“Don’t make people into heroes, John. Heroes don’t exist and if they did, I wouldn’t be one of them.” ~Sherlock Holmes, “The Great Game” (Season 1, Episode 3)
Playing video games is the modern way of playing cowboys and bandits according to my dad. I think we all can agree. The same can be said about TV shows, movie franchises, and book series. Whatever fandom we choose to dive into — or whatever we are sucked into by accident, for that matter — that fantasy world replaces our reality.That is, in those cases where a person goes beyond just liking something and places such heavy importance on their new obsession. Once that has occurred, we live carelessly through our favorite characters, and so often, that becomes a distraction from our ordinary lives.
I’m guilty of this crime myself. It began with none other than Harry Potter. Years and years of collecting toys, cards, board-/video/computer games, magazines, candy and notebooks affiliated with the entire series. Not too hot on the last five movies, seriously, but I loved how Joanne Rowling grew as a writer book by book, still do. She is the very one who kicked off my striving desire to become a published author. Then there are other obsessions that have followed. Whenever I talk about “Gilmore girls,” my roommate likes to point out how sad and frightening it is that I know so much about it. I am equally drawn to the Marvel universe, my favorite superheroes being Spider-Man, Iron Man and the Hulk. Plus, Batman, but he’s from DC. Then my favorite villain is Loki, of course. Power-hungry and vicious, but boy, that man has a good sense of style.
My most recent affection has been directed towards the BBC produced detective show Sherlock. It’s gotten obnoxious, really. I saw the show for the first time barely two weeks ago and I’ve seen both seasons twice already, gone on several websites to read about it, looked at pictures and gifs on Tumblr, printed some images from the show and taped them on my wall, and I can’t stop thinking of several great lines.
“Dear God, what is it like in your funny little brains? It must be so boring.” ~Sherlock Holmes to Chief Inspector Lestrade and his crew of police officers
“Anderson, don’t talk out loud. You lower the IO of the entire street.” ~SH
“We can’t giggle. It’s a crime scene.” ~John Watson to SH
“My brother has the brain of a scientist or a philosopher, yet he elects to be a detective. What might we deduce about his heart?” ~Mycroft Holmes to JW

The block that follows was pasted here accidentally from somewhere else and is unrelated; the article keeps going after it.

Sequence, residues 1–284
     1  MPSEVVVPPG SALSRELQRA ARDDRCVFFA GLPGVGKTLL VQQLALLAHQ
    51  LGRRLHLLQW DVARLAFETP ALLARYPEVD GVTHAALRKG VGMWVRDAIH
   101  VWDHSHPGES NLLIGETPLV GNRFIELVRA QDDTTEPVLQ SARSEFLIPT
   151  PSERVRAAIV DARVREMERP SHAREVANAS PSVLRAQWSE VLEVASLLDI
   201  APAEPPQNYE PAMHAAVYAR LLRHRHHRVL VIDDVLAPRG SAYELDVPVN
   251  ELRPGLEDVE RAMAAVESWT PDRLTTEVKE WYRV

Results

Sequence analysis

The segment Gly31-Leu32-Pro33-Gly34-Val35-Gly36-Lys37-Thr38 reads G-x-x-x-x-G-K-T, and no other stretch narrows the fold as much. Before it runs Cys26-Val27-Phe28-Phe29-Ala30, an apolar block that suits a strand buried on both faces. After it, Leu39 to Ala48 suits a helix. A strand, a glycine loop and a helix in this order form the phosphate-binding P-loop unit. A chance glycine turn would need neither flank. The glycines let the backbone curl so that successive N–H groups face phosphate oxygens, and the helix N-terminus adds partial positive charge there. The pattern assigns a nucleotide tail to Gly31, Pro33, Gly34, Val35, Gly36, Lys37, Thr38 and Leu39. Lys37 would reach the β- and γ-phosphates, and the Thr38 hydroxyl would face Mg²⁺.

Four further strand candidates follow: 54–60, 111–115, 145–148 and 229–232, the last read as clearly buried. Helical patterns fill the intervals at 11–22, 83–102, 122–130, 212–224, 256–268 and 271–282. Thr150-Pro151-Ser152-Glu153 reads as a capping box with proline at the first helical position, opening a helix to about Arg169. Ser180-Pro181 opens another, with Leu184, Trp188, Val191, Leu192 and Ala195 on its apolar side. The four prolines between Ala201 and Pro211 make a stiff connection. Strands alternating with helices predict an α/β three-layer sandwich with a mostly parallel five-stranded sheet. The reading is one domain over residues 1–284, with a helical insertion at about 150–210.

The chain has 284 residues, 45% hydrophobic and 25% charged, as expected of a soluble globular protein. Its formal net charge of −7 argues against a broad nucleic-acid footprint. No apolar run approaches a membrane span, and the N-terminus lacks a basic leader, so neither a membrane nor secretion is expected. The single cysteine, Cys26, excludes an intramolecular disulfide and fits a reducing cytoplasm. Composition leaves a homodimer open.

“Oh, oh, can we please not do that this time? You being all mysterious with your cheekbones and turning your coat collar up so you look cool.” ~JW to SH
“Honey, you should see me in a crown.” ~Jim Moriarty to SH
“Oh, I may be on the side of the angels, but don’t think for one second that I’m one of them.” ~SH to Jim Moriarty
I am hooked on Sherlock like it’s a fucking drug. I’m also so glad that I didn’t get into it until now, because apparently the final episode of season two played in January 2012 and the third season premieres next month. Can you imagine being a fan and you got to wait TWO YEARS for a show like that to pick back up? A friend of mine told me that the next season wasn’t even announced until the fall this year. That’s a tremendous larger torture on top of the waiting, not being sure whether it’s over. Gosh.
Dan here can certainly tell you a thing or two about fandoms:
I do realize that once school starts again, it won’t be long until Sherlock waltzes into my life as well. I will have grave issues. Lucky that I don’t have as much on my plate this semester so perhaps I can afford being distracted once in a while.
I guess I should tell you why I love the show so much. Aside from it being so well written, I think it’s beautifully performed by the actors and the producers, not to mention how the setting is downright perfect yet appearing so natural and taken directly out of daily life in London. And as someone who in fact has read one book and some of the short stories by Sir Arthur Conan Doyle, and who wrote about Sherlock Holmes in an essay for school, I love seeing little pieces of the original Holmes poking through the television screen. There are quotes that were written by Doyle tucked into each episode, like when Sherlock says in ‘The Hound of Baskerville,’ “When you have eliminated the impossible, whatever remains, however improbable, must be the truth.” They also have characters, however small, in the show as well, like the graffiti artist in “The Blind Banker,” who I think represents the little boy who would sometimes help Holmes track down information without attracting any attention.
Very cleverly done. I love it when something original, creative and intellectually challenging comes along.
Yesterday they put a teaser of the first episode of season three online. Surely a tease, surely is.
New ‘Sherlock’ Mini-Episode Teases Detective’s Return
[I hope someone gets the title of this entry. Turns out it fit after all. With me discussing bored Sherlock after all...]
**UPDATE ON 12.27.13**
You gotta appreciate the passion.